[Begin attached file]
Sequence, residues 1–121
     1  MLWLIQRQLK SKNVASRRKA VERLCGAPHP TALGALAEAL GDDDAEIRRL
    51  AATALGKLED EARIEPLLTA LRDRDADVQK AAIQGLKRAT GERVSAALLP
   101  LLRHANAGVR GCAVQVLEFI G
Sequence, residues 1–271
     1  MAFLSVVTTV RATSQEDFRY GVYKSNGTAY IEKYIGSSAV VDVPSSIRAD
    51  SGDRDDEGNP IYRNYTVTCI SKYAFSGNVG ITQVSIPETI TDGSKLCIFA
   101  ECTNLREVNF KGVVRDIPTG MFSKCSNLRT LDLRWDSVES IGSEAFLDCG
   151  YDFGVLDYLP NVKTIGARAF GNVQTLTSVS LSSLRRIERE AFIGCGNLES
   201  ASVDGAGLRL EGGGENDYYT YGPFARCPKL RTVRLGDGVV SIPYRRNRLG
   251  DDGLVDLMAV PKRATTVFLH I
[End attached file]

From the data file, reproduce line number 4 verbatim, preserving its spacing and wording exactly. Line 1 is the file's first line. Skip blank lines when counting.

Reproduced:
   101  LLRHANAGVR GCAVQVLEFI G